My real question is around methods of mitigating cold snaps and maximizing production, etc. I'm not a real DIY guy (although I have a shop full of tools and can use them) so I'd like to know if there are any products out there which are semi plug-and-play. I've heard people talk about using incandescent Christmas tree lights as makeshift heaters but I cannot imagine those can even be purchased anymore and would think something like heat tape or a similar product must exist for this purpose (?). And then what about creating a single-tree mini greenhouse enclosure? Are there products that can be purchased which achieve this purpose? And would there be issues with potential city code violations, being this would be in my front yard? I've seen cold frames in front yards but never a 10' high enclosure around a tree. Also, if a product does exist (or even if one were improvised, wouldn't wind be a problem?

The tree would be about 5 feet from a power outlet so plugging something in wouldn't be an issue.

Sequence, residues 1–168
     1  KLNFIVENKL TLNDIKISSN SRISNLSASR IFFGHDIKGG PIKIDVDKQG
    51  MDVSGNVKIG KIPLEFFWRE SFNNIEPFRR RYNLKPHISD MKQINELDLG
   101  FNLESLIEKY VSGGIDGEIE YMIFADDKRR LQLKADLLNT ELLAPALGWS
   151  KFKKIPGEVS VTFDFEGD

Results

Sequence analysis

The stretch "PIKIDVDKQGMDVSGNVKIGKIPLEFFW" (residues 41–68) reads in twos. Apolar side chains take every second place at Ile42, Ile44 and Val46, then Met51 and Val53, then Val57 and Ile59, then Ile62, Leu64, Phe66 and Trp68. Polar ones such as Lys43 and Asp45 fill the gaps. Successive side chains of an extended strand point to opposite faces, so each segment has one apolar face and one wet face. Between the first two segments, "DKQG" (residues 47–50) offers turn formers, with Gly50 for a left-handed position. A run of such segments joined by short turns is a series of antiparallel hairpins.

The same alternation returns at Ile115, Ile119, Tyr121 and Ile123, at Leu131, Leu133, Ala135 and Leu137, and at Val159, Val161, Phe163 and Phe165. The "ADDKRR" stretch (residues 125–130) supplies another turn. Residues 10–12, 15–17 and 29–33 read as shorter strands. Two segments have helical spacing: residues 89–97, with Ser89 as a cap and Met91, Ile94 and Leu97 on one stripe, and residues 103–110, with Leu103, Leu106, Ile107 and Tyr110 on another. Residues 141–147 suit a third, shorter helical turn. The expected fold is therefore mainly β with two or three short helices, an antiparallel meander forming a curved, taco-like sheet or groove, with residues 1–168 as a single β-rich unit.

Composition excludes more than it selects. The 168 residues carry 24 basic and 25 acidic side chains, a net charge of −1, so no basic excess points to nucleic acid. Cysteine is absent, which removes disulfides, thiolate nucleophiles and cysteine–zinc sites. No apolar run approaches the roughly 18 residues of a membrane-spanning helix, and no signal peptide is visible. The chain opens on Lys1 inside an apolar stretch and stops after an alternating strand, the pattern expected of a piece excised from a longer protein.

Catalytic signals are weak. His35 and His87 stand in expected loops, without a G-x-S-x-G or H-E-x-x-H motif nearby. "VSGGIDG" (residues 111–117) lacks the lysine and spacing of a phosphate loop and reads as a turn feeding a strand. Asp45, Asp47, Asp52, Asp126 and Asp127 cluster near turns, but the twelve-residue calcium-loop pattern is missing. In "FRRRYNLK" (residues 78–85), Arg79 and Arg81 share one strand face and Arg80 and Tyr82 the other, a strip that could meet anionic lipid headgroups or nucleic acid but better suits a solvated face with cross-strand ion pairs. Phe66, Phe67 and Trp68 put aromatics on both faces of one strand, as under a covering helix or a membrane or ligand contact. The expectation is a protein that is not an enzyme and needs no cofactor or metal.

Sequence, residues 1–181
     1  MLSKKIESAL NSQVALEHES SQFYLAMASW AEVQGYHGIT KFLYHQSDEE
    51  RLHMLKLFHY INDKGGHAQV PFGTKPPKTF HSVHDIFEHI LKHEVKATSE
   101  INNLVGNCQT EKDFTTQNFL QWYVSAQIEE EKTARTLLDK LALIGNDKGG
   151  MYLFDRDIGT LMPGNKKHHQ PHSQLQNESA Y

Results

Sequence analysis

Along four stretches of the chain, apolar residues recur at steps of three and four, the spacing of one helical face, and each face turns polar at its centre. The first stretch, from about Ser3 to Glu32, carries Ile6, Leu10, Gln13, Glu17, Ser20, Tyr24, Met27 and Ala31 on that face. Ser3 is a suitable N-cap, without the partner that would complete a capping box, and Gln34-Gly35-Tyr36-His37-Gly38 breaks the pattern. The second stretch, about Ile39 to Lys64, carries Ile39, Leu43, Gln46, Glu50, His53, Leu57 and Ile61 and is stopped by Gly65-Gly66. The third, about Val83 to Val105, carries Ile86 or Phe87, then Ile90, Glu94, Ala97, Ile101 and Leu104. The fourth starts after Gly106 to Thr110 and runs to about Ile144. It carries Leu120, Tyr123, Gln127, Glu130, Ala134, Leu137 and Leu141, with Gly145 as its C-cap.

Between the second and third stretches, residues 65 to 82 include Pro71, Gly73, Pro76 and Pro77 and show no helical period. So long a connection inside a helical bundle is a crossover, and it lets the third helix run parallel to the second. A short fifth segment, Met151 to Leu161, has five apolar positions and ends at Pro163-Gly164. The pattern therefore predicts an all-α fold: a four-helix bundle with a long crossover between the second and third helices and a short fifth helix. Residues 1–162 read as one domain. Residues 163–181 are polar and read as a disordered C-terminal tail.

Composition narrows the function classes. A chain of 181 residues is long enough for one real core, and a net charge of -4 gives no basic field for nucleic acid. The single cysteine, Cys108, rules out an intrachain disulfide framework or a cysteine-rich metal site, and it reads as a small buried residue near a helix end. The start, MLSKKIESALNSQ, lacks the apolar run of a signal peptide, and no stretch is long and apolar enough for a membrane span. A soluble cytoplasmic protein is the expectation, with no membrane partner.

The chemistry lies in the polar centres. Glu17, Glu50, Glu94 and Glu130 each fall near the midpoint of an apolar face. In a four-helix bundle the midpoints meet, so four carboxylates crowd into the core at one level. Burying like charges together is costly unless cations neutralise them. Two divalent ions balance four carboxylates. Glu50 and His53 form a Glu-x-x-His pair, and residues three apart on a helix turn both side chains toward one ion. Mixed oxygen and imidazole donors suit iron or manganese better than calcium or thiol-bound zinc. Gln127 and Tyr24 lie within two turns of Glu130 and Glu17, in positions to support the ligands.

Thoughts, or is this not feasible? Thanks, and I hope to get some help completing my profile soon!

Frank

SoCal2warm

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Re: Citrus in the Pacific Northwest
« Reply #98 on: March 07, 2019, 11:34:24 PM »
Thoughts, or is this not feasible?
Yes, it is feasible, but the frame is going to have to be pretty sturdy to be able to handle winds.

I'm pretty sure that eventually, if you get it to grow big enough, maybe 3 feet, the Satsuma will be able to do fine over the Winter with just a plastic covering and nothing else, in the Portland area. I'd leave the covering on until early March.
Maybe design it so that the top can be extensively vented off on warm days and leave it covered until the first few days of April. While it may not grow during that time, I've found that it seems to prime the tree to start getting ready to grow.